In May, KMO and Olga visited Katherine MacLean at Happy Acres Farm in Sherman, Connecticut. At the time, Katherine was pregnant and planning to have the baby at home under the care of midwives in spite of much pressure to give herself over to the care of the medical profession. Katherine talks about what she learned from the death of her sister, why she left her dream job, her thoughts on unschooling and the interplay between enjoying freedom and taking responsibility. Last week, Katherine checked back in with KMO via Skype about the experience of giving birth at home.
KMO and guest Kevin Dole consider why horror writer Thomas Ligotti considers consciousness to be the parent of all horrors. Consciousness is supposed to be the most marvelous phenomenon in existence right? Not according to Ligotti. In his first non-fiction book, The Conspiracy Against the Human Race, Ligotti describes consciousness as the means to achieving new varieties of suffering by enabling us to dread things that haven’t happened yet, like out own death, and to suffer insult in addition to mere injury. Better never to have been born, because, Ligotti asserts, non-existence never hurt anybody.
Check out Ligotti’s story The Red Tower to see if his fiction rings your bell.
KMO spoke with Kevin Carson while visiting Arkansas. Kevin is an avowed anti-capitalist, but some C-Realm listeners can't square that notion with Kevin's professed libertarian leanings and his failure to avow uncomplicated condemnation of private property and "the market." Whatever that is. The conversation touches on technology, labor, class relations, and life after capitalism.
KMO is visiting his family in northwest Arkansas, and in this episode he asks some of his Arkansan friends about the Confederate battle flag. Berryville-based writer and broadcaster, Dan Krotz, explains how people who display the Confederate flag are broadcasting the message that they are both mean and stupid. That’s useful to him as it lets him know that he should avoid those people. Kris G, a young farmer who grew up in Sallisaw, Oklahoma shares Dan’s assessment. He thinks that in a free country, people have the right to advertise to the world just how small-minded they are by flying the rebel flag from their pick-up trucks. In the final segment of the program, C4SS writer, Kevin Carson, explains why the claim that the flag is a symbol of “heritage not hate” is incoherent.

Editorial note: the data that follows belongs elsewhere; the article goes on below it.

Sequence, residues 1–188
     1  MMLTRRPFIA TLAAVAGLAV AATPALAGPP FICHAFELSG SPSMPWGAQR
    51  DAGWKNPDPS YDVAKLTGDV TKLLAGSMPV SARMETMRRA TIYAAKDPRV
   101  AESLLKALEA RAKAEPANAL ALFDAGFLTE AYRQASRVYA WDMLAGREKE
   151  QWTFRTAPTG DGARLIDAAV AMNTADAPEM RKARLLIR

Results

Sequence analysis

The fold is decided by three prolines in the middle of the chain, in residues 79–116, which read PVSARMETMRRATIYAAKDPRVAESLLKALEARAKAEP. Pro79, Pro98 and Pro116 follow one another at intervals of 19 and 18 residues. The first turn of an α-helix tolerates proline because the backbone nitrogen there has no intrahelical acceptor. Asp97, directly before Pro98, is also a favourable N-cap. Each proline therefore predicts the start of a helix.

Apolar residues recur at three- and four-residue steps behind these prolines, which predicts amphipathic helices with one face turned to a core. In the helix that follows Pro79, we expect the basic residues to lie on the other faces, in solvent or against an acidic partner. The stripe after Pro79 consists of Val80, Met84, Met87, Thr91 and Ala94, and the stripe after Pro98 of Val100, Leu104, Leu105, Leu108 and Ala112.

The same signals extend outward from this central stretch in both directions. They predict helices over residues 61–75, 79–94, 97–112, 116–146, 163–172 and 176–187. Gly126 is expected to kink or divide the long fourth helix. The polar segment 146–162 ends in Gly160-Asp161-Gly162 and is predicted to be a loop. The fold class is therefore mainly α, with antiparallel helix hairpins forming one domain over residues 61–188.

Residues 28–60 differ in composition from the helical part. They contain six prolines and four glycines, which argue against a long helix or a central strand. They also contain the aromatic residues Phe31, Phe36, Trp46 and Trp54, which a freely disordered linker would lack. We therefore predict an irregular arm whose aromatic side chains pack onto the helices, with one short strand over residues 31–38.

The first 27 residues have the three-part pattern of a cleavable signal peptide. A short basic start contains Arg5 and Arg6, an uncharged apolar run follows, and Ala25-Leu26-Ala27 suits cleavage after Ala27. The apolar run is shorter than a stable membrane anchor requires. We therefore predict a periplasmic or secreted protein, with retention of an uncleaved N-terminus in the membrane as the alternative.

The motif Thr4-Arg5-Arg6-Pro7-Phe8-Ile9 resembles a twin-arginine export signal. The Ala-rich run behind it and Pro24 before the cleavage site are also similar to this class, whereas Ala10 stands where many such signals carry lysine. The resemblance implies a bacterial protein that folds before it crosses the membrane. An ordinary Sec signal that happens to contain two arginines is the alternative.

This episode features two conversations recorded at the kitchen table with people whom Erik Davis introduced to KMO and Olga. First up is stage magician Ferdinando Buscema who describes a memento mori ritual he has constructed for himself using playing cards. Later, KMO talks with Spiros Antonopoulos, a yoga teacher and seasoned psychonaut, about DMT, ayahuasca and what they may be able to tell us about ourselves and our life's purpose.
KMO welcomes Pentamental co-host John Maguire to the C-Realm to talk explicitly about consciousness. The conversation ranges from quantum physics and its relationship with fuzzy New Age belief systems to poker and epistemological humility. A final homage to the late Joe Bageant leads into a brief clip from a recent conversation about global geopolitics and the consequences of the triumph of the "bozo billionaire" variety of libertarian politics in the United States. Check out Background Briefing to hear the entire conversation between host Ian Masters and his guest, Alfred W. McCoy.